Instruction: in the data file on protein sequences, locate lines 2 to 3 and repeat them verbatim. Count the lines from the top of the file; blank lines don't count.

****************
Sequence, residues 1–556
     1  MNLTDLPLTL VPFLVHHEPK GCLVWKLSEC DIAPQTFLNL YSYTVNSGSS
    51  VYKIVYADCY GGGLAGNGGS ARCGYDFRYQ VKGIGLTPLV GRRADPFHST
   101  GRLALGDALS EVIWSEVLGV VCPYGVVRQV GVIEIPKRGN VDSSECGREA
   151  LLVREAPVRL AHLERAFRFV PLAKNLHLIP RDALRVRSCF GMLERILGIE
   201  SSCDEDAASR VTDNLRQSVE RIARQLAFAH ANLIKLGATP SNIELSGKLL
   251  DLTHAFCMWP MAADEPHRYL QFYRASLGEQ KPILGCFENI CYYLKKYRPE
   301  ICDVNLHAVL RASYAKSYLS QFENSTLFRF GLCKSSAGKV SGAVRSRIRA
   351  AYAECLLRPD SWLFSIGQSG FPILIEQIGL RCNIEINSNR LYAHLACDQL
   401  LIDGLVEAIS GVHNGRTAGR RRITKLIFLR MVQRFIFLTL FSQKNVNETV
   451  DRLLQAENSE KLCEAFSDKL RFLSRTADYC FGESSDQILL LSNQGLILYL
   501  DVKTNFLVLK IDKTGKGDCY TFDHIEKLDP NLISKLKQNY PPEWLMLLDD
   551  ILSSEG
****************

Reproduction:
     1  MNLTDLPLTL VPFLVHHEPK GCLVWKLSEC DIAPQTFLNL YSYTVNSGSS
    51  VYKIVYADCY GGGLAGNGGS ARCGYDFRYQ VKGIGLTPLV GRRADPFHST